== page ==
Alex J. Mandl assumed the reins of Sea-Land Corp. just three short months ago, but he already has concluded that some fundamentals of the business must change in or- der for Sea-Land Service Inc. and other containership lines to make a decent return from their operations.
We want to make this business work, said the new chairman and chief executive of Sea-Land. To do that, we need a return that at least covers our cost of capital.That's an absolute minimum. But for this business to return a decent profit, some fundamentals must change. We and others in the industry have to perform differently. I'm not just talking about U.S.-flag companies. I'm also talking about foreign-flag containership operators. None of us is making much money.
Over the years the world's containership operators, which transport about 4 percent of the world's trade by volume but 40 percent in terms of value, have undercut one another by reducing operating costs through new investment.
As major operators have been putting newer and bigger ships in the water, they have cut nearly half the operating cost per container-mile of 10 years ago. However, operators have not reaped the benefits of vhose savings because most rates have dropped more than the cost reductions.
The industry may never make an adequate return if everyone continues reinvesting in new ships to drive costs down while simultaneously pushing rates down, said Mr. Mandl. As an industry, we must rethink how we do our business.
Not content with just calling on the containership industry to put its house in order, Mr. Mandl already has been busy making changes at Sea-Land. Several senior management changes have been made with a renewed emphasis on marketing. Sea-Land long has had a reputation for strong operations.
Business during his short tenure as head of Sea-Land Service Inc., the largest containership company in the world, also has improved. Sea-Land contributed $30 million in third quarter operating income for its corporate parent, CSX Corp. That was a 50 percent improvement over the third quarter of 1987, when Sea-Land had $20 million in operating income.
At this stage it would appear that our fourth quarter should be better than our fourth quarter last year, Mr. Mandl said.
We also see a fairly decent year in 1989. I just spent much of September working on our business plan for next year with our senior management. Indications are that we should do a little better than in 1988. We put together an aggressive plan, but I think it is do-able. Otherwise I would not have signed off on it.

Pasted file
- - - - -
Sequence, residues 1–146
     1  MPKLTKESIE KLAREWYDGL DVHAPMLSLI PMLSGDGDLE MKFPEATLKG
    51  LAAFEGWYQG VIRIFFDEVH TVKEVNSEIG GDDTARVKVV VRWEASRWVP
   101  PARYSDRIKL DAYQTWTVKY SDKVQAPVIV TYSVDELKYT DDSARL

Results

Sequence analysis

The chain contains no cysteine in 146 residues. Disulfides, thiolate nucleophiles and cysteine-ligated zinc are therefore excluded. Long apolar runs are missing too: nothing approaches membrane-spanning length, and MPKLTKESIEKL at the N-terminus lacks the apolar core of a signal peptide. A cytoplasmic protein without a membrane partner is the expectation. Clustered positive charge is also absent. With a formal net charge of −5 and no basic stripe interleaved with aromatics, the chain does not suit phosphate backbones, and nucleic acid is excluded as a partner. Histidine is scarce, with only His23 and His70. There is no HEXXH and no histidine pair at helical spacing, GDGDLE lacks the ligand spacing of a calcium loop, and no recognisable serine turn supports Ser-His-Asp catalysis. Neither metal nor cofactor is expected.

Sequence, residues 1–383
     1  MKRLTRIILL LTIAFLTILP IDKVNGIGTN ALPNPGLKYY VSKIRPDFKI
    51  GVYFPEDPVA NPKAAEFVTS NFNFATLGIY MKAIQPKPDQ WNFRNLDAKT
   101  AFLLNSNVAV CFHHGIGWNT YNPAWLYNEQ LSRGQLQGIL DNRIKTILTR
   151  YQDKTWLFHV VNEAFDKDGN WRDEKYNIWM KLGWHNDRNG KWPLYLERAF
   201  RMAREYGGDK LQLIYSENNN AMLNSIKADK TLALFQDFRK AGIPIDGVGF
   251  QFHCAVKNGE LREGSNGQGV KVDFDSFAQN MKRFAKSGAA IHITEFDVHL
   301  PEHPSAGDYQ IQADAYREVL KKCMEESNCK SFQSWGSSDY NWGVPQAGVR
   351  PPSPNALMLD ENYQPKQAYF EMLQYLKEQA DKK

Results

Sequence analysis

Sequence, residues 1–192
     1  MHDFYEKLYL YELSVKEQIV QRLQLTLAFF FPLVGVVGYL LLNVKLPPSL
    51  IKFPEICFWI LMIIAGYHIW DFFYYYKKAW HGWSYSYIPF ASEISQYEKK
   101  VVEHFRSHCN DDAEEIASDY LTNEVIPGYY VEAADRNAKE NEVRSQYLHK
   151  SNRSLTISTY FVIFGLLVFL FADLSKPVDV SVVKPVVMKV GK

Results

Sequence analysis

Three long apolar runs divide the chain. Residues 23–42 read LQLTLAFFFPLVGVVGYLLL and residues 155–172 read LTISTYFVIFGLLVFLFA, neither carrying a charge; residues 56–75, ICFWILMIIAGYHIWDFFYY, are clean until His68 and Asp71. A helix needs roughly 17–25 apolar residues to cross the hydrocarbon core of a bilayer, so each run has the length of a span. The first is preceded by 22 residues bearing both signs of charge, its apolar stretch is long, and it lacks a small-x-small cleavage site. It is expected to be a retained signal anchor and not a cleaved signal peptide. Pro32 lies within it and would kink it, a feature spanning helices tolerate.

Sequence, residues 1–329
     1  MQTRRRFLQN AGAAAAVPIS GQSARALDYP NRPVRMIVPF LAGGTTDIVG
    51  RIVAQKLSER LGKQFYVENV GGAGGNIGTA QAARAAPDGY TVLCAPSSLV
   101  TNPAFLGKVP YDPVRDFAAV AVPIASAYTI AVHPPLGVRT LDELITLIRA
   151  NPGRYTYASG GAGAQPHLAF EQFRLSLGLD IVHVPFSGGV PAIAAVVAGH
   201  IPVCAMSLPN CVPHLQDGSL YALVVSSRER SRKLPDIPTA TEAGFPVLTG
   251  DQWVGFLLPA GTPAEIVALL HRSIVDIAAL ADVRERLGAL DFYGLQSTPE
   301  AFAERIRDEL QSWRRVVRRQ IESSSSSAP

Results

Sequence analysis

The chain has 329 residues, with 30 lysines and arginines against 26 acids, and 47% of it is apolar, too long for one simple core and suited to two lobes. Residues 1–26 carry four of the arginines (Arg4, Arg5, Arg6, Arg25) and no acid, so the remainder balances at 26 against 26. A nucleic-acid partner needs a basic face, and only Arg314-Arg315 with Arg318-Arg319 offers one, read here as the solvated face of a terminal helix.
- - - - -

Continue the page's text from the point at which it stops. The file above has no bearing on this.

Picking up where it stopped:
The trans-Atlantic trade has its problems, but we expect a reasonable return there, he said. The trans-Pacific is much more questionable. Freight rates from Asia to North America have deteriorated, and it's difficult to forecast what will happen to those rates next year.
It's fitting that Mr. Mandl took over the reins of Sea-Land Corp., headquartered in Edison, N.J. Two years ago, as senior vice president of corporate development for CSX Corp., he headed up the team that recommended that CSX purchase Sea-Land.
Mr. Mandl, 44, is the second CSX Corp. top executive to lead its Sea-Land subsidiary in less than two years. Mr. Mandl has been with CSX and its preceding company for eight years. He replaced Robert L. Hintz, 57, who will retire from CSX at the end of the year.
As head of corporate development at CSX' Richmond, Va., headquarters, Mr. Mandl led a team of CSX experts in marketing, operations, finance and legal affairs and a few outside consultants in studying the possibility of acquiring Sea-Land, the nearly $2 billion international container transportation company that pioneered the transport of combination truck and rail containers aboard ships.
For several months we considered all these different perspectives on Sea- Land, finally developing a list of advantages and disadvantages of the
purchase that we presented to Hays Watkins (chief executive of CSX) and the board, Mr. Mandl added.
Although we offered a balanced perspective on the Sea-Land acquisition, it was Mr. Watkins who made the call and who recommended it to the board. Nearly two years later, I must say, there have been no major surprises. The team did its homework well.
In addition to Sea-Land, CSX operates the second-largest railroad in the country in terms of track miles and the largest barge company in the United States. It also has extensive holdings in energy and property, and it operates various transportation and technology-intensive companies. Annual revenue totals $8 billion, assets about $13.2 billion.
CSX acquired Sea-Land, Mr. Mandl said, because Sea-Land permits CSX to broaden its capacity to serve our customers in the two areas of transportation in which CSX's own freight-moving needs were expanding: international transportation and intermodal or, more accurately, multimodal transportation.
In the 15 months that Mr. Hintz, also a long-time CSX executive, handled the reins at Sea-Land, he improved Sea-Land's fleet. He was able to get the
CSX board to spend an estimated $400 million to $500 million to add 24 ships to the Sea-Land fleet, including the 12 largest containerships in the world, which had been operated by United States Lines. Those 24 ships represent the largest container-carrying capacity ever added to a ship company in such a short period during peacetime.
Now that Sea-Land's assets have been updated, Mr. Mandl said his primary job is to help make the company operate more efficiently for its customers and for CSX's bottom line.
Having the right service at a competitive price is important, but Mr. Mandl said that does not assure a steamship line of getting a customer's freight business.
What's often overlooked, and this is a key to marketing, is how you approach a customer, said the Sea-Land Corp. chairman. With each individual customer, you must find out where, at what level, the decision to purchase transportation is made. Many companies are decentralized, and the decision is made at a relatively low level in different geographic locations. At other companies those decisions are made at the highest level.
Once the carrier has the assets and the service customers want, and has identified the customers' decision-makers and how to reach them, Mr. Mandl said, it is of paramount importance to operate all levels of the company's activity efficiently. Otherwise you do not make profit, he said.